“Some old-fashioned things like fresh air and sunshine are hard to beat. In our mad rush for progress and modern improvements let's be sure we take along with us all the old-fashioned things worth while.” Laura Ingalls Wilder

Sunday, August 16, 2015

Creating and Reliving Slow Food Memories

Have you ever dined on a meal prepared from an old family recipe? The connection to the past with the present is one that is almost 3-D. You have memories, tastes, and sights all blended together for a little trip down memory lane. Preserving our heritage through cooking is one way to allow the memories of loved ones remain close in our hearts and recall a special time when "Grandma Donna", or "Aunt Florence" were still alive. Today's youngsters often miss out on such a rich family heritage by our fast paced world. Take some time to recreate a special dish and share the experience and memories of ancestral family. Just imagine if our children's only memories of food are of a burger and fries from McDonald's eaten out of a bag in the backseat of a car? ... or a skillet dinner from the freezer?  Do you remember how much better farm fresh food tastes compared with grocery fare today? Homemade pickles were an everyday treat at Grandma's house ... some even made from watermelon rind! My dad is still the king of homemade ice cream. Grandma Donna's Jewish Apple Cake conjures up sights and scents from her tiny aqua blue kitchen. Aunt Lottie's fresh corn and roast beef dinner ... served at her farm in the grownup's dining room with a lace tablecloth ... yummy.

My Pop ~ he made this ice cream rig over 60 years ago!


Tonight's slow food: Four course supper starting with Herb 'soop' .. a late 1700's receipt (recipe), followed by ice cold green salad, baked citrusy/herb chicken, fresh corn on the cob. Dessert ~ Pumpkin bars topped with fresh whipped cream and a few berries. Music provided by: 200 Years of American Heritage in Song with the likes of 'Barbara Allen' .. 'Greensleeves' ... 'Green Grow the Lilacs' ... 'Billy Boy' ... I'm bound and determined that Hubby and Nathan connect food, music, history and manners. 

Do you purposely create slow food memories for your family?

Family Recipe



Recipe(Grandma Donna's) Jewish Apple Cake
Ingredients: 1/2 lb butter, 1/3 C sugar, 1/2 tsp. cinnamon, 3 C flour, 1 egg, 6 green apples, 1/4 up to 1/2 C sugar, lemon zest, 1/2 tsp. vanilla.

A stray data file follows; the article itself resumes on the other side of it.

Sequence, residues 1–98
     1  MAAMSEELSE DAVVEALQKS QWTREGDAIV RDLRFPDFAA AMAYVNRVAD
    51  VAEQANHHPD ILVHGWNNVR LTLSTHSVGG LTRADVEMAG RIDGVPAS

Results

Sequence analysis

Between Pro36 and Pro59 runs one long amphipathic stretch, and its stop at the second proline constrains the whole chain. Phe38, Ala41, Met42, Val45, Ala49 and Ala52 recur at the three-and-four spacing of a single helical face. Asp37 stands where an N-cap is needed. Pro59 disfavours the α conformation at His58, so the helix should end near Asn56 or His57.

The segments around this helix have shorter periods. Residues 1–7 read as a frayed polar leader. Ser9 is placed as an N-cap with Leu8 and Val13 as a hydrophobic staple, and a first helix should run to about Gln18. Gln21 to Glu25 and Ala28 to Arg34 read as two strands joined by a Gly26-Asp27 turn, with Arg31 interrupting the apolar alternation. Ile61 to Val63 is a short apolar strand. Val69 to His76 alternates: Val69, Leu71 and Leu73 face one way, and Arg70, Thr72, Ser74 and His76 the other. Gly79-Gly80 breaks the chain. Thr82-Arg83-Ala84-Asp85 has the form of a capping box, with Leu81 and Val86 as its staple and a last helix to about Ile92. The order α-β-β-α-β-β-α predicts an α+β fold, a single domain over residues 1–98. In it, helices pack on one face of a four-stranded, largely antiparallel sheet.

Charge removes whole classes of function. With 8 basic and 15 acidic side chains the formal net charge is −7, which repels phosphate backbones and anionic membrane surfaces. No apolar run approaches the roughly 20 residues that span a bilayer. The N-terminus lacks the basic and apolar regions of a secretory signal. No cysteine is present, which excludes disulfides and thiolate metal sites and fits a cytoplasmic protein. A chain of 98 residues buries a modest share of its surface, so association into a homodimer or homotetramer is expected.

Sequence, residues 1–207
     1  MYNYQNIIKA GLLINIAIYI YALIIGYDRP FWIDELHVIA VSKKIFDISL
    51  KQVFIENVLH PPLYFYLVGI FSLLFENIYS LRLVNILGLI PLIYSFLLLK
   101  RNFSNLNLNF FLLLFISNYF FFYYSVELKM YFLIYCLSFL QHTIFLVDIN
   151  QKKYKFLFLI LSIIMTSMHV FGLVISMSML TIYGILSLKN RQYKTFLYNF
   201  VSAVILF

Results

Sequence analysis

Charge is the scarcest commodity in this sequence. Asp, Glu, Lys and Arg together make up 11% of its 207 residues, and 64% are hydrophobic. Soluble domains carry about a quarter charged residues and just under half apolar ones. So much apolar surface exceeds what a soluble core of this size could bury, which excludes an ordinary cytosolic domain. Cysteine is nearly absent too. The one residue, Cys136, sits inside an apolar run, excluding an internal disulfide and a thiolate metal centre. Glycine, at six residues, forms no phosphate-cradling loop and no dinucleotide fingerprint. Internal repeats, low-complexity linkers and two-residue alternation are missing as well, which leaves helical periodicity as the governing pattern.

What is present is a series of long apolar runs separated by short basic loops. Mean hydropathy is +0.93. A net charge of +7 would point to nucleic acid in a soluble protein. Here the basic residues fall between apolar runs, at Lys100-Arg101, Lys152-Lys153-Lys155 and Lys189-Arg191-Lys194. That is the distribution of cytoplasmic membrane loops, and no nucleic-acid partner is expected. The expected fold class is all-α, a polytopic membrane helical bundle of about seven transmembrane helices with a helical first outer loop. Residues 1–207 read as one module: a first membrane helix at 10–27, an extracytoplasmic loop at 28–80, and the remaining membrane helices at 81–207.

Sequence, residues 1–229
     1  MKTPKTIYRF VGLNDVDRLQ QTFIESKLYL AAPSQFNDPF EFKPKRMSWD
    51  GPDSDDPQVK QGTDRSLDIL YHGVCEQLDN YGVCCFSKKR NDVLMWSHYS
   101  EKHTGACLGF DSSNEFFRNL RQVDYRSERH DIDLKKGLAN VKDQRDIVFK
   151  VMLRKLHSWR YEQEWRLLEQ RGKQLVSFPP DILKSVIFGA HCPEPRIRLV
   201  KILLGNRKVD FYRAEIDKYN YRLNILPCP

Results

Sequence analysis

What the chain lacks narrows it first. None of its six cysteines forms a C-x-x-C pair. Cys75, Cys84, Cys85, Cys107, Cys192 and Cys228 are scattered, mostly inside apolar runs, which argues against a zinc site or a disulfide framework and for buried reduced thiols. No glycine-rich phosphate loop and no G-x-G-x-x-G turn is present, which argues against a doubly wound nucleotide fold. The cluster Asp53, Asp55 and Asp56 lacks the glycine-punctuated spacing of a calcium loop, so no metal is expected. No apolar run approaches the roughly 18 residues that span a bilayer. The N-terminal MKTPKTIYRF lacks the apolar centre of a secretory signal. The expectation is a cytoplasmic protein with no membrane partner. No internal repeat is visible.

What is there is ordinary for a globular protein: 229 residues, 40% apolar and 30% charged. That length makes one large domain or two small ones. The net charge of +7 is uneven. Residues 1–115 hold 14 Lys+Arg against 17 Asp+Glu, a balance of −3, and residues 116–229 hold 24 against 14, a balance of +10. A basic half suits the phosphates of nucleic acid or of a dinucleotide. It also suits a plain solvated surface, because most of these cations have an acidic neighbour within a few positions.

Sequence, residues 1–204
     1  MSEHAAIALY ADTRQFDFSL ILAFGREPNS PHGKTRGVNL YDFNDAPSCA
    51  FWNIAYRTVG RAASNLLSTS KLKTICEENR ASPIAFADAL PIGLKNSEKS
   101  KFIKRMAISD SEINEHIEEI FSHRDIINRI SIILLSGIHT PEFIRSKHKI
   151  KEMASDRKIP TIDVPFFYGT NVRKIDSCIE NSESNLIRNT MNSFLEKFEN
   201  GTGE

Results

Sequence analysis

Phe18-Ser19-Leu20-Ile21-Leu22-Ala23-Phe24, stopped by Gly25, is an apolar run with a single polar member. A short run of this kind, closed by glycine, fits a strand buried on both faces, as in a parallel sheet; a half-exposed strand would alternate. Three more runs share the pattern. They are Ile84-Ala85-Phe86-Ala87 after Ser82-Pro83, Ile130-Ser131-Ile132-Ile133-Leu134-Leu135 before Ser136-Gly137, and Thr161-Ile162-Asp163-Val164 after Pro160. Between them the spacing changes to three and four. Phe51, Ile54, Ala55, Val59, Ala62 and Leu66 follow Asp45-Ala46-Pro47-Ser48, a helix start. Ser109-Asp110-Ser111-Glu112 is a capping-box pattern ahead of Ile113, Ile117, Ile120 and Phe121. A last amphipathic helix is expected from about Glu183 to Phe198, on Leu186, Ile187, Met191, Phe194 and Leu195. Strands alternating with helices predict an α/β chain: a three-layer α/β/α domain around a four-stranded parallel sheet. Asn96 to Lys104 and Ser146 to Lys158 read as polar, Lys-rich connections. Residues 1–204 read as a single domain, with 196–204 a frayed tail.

Directions: Cream butter, 1/3 C sugar and vanilla, add beaten egg and flour. Mix well and divide dough in half. Press half the dough in a greased 13x9 rectangular pan to form lining. Peel and slice apples. Sprinkle with cinnamon, additional sugar (up to 1/2), 1/2 tsp. vanilla and a little lemon zest. Spread the apple mixture into prepared pan. Press remaining dough on wax paper to form a 13x9 inch top. After placing on the top, bake in a preheated 300 degree F oven for about one hour.  Serve warm with a dollop of whipped cream or vanilla ice cream.
Serves 8-12

Saturday, August 15, 2015

Stepping into the Past

Genealogy has gotten me off the beaten path with blogging.  That has lead to more in depth research on ways our fore-bearers lived, ate, slept, drank, cooked, dressed, doctored themselves, and relied on each other instead of government overstep.

So, while I believe writing about thrifty living and gardening still fits into my new area of research, I hope to find other interesting topics of which to write.
Paternal great grandparents' home, children, domestic help, circa 1903
The above photo is of my great grandparents, taken at their farm prior to the birth of my grandfather ... before electricity had come to their area; prior to an automobile and any of our power hungry 'modern' appliances were invented   You will notice that grandma had the help of a stable boy and domestic servant; both listed in the 1900 Census as part of my grandparent's household.  One wonders if the advent of the modern age put many a person out on the streets, unemployed after being replaced by a machine?    This idea of humans being replaced by machines, and cheap labor has helped contribute to our generation's lack of skills, desire to work for daily bread, and reliance on poor quality everything!